Humanity Death Watch

Majority of real emotion now outsourced to emojis

Happy face

Futurist and emoji enthusiast Jolene Jansen said outsourcing emotion to emojis reflects human evolution.

A recent study conducted by Harvard University showed that the majority of people worldwide, many who have never lived in a world without emojis, are so accustomed to using the adorable little symbols to express emotion that they’ve nearly forgotten how to have a feeling without them.

The study, which polled humans from 196 countries, found that 95% of the time people turn to their trusty emojis to tell others what they’re feeling, even if they don’t have an electronic device handy.

So popular have the iconic symbols become that 25-year-old Lucy Gucci says when she feels an emotion, her default way to express it can even be verbal.

“My sister recently had a baby and when I saw him for the first time I was all like ‘awwwww, hugging face, smiling face with heart-shaped eyes, party popper!’” says Gucci. “Then, my sister said, ‘Smiling face with tears of joy, tired face, relieved face, flexed bicep.’ We were both just so smiling face with open mouth and smiling eyes!”

Emojis help humans avoid awkward situations

But it’s not just familial and happy times that are being outsourced to emojis. Personal and workplace dramas are also commonly played out with the use of emojis, which have become the preferred method of avoiding awkward confrontations.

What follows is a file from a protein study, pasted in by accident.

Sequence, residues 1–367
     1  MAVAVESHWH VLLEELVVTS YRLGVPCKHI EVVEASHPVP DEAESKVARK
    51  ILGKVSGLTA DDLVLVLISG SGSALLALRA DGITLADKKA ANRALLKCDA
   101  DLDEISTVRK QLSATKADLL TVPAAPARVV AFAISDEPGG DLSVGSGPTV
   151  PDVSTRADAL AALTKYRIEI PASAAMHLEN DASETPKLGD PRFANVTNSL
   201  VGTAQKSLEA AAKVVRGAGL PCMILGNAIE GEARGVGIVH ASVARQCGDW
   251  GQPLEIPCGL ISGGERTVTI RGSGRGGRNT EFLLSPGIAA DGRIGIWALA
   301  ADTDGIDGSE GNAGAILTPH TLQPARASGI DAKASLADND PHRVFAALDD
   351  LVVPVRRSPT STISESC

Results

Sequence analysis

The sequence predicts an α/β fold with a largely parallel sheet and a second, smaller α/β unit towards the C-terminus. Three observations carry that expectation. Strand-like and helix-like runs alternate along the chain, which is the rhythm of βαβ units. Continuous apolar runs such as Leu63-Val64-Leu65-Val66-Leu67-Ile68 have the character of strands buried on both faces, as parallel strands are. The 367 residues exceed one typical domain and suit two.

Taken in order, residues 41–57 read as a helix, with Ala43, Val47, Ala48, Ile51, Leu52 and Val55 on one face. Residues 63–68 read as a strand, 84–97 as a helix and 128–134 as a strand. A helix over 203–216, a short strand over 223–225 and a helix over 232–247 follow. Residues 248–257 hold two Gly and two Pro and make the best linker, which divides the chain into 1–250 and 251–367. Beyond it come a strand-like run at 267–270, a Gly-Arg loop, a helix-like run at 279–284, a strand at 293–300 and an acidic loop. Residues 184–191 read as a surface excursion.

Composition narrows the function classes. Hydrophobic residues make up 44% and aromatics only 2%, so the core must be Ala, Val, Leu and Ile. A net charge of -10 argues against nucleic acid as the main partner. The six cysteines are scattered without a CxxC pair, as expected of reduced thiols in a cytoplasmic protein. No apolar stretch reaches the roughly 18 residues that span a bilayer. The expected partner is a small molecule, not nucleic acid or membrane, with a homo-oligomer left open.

Brad Lolly, owner of Chicken Lickin’s Fried Shrimp Store, said he was having trouble with an irresponsible employee and ended up embroiled in a full-blown emoji fight.

“I had an employee who was always late and wouldn’t stay on task, which I blame on his partying lifestyle,” says Lolly. “So I texted him, ‘Unamused face, beer mug, thumb’s down, alarm clock, explanation question mark.’ That little jerk texted back, ‘Poultry leg, fried shrimp, pile of poop, middle finger.’ I had no choice but to terminate him. Double disappointed face, but what are you gonna do?”

While some sociologists are concerned about humanity’s waning ability to express real emotion, futurist and emoji enthusiast Jolene Jansen said it’s just another aspect of human evolution, and one that will help humans thrive in the time of the singularity.

“Robot face, bullseye,” she said.

Photo credit: Show me … by Jed Record, licensed under CC 2.0

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